Supplement to Relativism
Formal normative models, especially deductive logics, the probability calculus, and sometimes decision theory, are often said to provide at least minimal guidelines for rationality. They are often defended on the grounds that the failure to abide by them will lead to inconsistency (this is what Dutch-book arguments for assigning probabilities in accordance with the strictures of the probability calculus boil down to, for example). But consistency alone cannot take us very far towards justifying specific norms of justification or inference.
Some possible limitations of consistency are:
Consistency does not always trump:
The preface paradox suggests that it is sometimes reasonable to have beliefs that one knows are inconsistent. Furthermore, everyone has inconsistent beliefs but life is too short to spend it trying to track down even the most trivial inconsistencies in one's thought.
Consistency is not unequivocal:
Beliefs are consistent with one another if they could all be true. Hence consistency requires some antecedent conception of truth, and different logical systems and semantic theories give somewhat different accounts of this, which may in turn lead to different verdicts about consistency.
Formal models do not apply themselves:
Formal normative models often provide clear accounts of consistency, but applying such models to the real world is almost as much an art as a science, and when we turn to the messiness of everyday it is often less than obvious what consistency amounts to.
Consistency is not enough:
Consistency is much too weak to justify our complex edifice of inferential and justificatory practices. It is an important but fairly weak constraint that leaves a number of alternative standards of epistemic evaluation open, so it alone cannot be enough to justify such epistemic practices as induction by enumeration or inference to the best explanation.
The most obvious sense in which we might show that a pattern of inference (e.g., modus ponens, induction by enumeration, inference to the best explanation) is justified would be to show that it is reliable or truth-conducive. Truth-conduciveness, i.e., the tendency of a method to produce true conclusions when supplied with true premises, and showing that a pattern of inference was truth-conducive would provide a good measure of justification for it.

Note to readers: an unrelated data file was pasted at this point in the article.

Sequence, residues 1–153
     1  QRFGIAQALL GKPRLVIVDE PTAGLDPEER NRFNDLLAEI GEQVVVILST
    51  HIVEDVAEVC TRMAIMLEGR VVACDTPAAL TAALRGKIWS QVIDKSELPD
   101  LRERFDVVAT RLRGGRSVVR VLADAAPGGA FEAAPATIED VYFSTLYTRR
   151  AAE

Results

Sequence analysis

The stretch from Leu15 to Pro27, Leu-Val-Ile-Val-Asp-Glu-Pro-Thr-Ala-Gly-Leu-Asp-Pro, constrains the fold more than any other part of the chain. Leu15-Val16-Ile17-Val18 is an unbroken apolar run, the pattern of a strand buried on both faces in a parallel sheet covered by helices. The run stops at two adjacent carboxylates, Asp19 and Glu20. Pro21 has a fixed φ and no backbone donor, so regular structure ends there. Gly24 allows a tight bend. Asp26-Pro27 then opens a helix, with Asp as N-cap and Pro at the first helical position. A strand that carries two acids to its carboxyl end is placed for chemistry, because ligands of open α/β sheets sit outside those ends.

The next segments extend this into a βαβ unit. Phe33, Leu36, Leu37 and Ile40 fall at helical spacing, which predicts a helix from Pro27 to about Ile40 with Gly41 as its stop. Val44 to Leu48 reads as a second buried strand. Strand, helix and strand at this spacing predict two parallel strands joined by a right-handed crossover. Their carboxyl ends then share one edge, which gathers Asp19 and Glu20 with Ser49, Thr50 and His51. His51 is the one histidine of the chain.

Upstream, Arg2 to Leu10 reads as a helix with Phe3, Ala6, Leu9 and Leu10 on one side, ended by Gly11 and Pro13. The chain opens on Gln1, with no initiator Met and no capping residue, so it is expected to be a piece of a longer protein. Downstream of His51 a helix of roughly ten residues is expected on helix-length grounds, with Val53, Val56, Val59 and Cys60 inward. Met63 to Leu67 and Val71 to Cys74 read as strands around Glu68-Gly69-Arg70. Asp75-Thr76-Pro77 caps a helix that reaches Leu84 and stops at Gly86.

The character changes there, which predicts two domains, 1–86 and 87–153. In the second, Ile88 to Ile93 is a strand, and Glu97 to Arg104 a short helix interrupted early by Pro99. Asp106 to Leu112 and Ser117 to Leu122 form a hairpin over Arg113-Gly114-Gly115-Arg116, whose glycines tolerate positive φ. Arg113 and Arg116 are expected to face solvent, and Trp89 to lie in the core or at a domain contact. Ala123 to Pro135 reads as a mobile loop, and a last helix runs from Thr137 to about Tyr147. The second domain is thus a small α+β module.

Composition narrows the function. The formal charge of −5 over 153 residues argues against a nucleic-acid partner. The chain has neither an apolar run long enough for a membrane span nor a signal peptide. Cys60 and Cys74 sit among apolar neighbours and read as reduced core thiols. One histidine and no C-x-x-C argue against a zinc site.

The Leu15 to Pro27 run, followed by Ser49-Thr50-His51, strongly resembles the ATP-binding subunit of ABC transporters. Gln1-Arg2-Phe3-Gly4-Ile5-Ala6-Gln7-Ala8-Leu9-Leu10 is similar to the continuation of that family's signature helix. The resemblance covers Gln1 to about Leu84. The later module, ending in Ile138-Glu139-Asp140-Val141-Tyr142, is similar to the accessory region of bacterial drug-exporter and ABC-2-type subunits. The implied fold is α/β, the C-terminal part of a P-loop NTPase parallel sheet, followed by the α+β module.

In the case of deductive logics soundness proofs show that the inferential rules (e.g., modus ponens, existential instantiation) of particular logical system are reliable in this way. Different logical systems employ slightly different definitions of truth, however, and soundness proofs employ some of the same patterns of reasoning (e.g., modus ponens, contraposition), so there is an inescapable atmosphere of circularity here.
This problem is more obvious when we turn to inductive or ampliative inferences. Justification here would require us to solve Hume's problem of induction, i.e., to provide a non-question-begging justification of ampliative inference, and there is virtually no reason to suppose this is possible.
Reflective Equilibrium (Goodman, 1983; Rawls, 1971) is a process in which we begin with both our considered views about general epistemic standards (e.g., that modus ponens and inference to the best explanation are good patterns of reasoning) and our particular judgments about which things are true, which arguments persuasive, which sorts of evidence convincing. We then work back and forth, revising our standards in light of our particular judgments, on the one hand, and modifying some of our judgments about particular cases in light of our standards, on the other. The goal is to find a set of general standards and particular judgments that are in harmony or equilibrium. The standards arrived at in such an idealized process are said to be in reflective equilibrium, and some (though by no means all) philosophers hold that this is one way, perhaps the only, way to justify principles (cf. Goodman, 1984. pp. 62 ff; Rawls, 1971).